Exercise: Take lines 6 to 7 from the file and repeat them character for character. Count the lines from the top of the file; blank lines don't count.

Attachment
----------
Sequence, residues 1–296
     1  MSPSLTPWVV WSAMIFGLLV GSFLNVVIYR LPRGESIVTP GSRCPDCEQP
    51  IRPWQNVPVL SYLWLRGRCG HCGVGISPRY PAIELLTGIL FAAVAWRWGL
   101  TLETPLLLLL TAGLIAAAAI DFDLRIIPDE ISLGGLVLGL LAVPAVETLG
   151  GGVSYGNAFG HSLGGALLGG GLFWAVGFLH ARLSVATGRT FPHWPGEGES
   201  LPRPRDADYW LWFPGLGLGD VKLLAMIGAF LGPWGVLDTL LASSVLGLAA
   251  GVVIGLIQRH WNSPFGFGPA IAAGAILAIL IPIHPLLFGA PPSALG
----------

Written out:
   201  LPRPRDADYW LWFPGLGLGD VKLLAMIGAF LGPWGVLDTL LASSVLGLAA
   251  GVVIGLIQRH WNSPFGFGPA IAAGAILAIL IPIHPLLFGA PPSALG